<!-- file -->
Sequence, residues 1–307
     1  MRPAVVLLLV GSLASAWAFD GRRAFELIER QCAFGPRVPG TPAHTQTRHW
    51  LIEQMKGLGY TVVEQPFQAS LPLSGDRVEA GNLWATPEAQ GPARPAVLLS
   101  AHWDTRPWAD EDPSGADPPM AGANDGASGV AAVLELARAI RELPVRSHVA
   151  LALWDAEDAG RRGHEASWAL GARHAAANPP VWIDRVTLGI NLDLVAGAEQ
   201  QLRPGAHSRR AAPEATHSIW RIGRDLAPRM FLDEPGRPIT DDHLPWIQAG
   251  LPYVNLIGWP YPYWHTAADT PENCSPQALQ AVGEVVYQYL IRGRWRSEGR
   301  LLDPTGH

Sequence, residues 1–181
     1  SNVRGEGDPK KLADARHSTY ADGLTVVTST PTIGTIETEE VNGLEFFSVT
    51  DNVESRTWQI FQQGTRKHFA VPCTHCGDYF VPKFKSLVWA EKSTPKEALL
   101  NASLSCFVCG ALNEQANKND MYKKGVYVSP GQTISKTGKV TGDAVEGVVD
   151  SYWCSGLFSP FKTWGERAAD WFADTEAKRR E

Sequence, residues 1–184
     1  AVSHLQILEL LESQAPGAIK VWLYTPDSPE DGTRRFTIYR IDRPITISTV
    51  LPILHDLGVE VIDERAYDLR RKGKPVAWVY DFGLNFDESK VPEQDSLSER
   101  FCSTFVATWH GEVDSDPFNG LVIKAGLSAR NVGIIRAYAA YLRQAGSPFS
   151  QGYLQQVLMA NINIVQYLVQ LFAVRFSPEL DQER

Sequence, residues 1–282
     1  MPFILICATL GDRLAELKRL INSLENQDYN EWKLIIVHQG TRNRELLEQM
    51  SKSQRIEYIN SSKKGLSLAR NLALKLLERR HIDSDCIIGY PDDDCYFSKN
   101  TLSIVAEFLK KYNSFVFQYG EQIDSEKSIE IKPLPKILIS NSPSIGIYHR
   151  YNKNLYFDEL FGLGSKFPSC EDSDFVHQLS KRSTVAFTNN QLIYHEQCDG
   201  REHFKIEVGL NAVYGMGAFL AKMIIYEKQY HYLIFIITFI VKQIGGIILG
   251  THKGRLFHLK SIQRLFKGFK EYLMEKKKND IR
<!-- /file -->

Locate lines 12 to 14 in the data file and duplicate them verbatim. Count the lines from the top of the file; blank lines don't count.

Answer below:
   101  NASLSCFVCG ALNEQANKND MYKKGVYVSP GQTISKTGKV TGDAVEGVVD
   151  SYWCSGLFSP FKTWGERAAD WFADTEAKRR E

Sequence, residues 1–184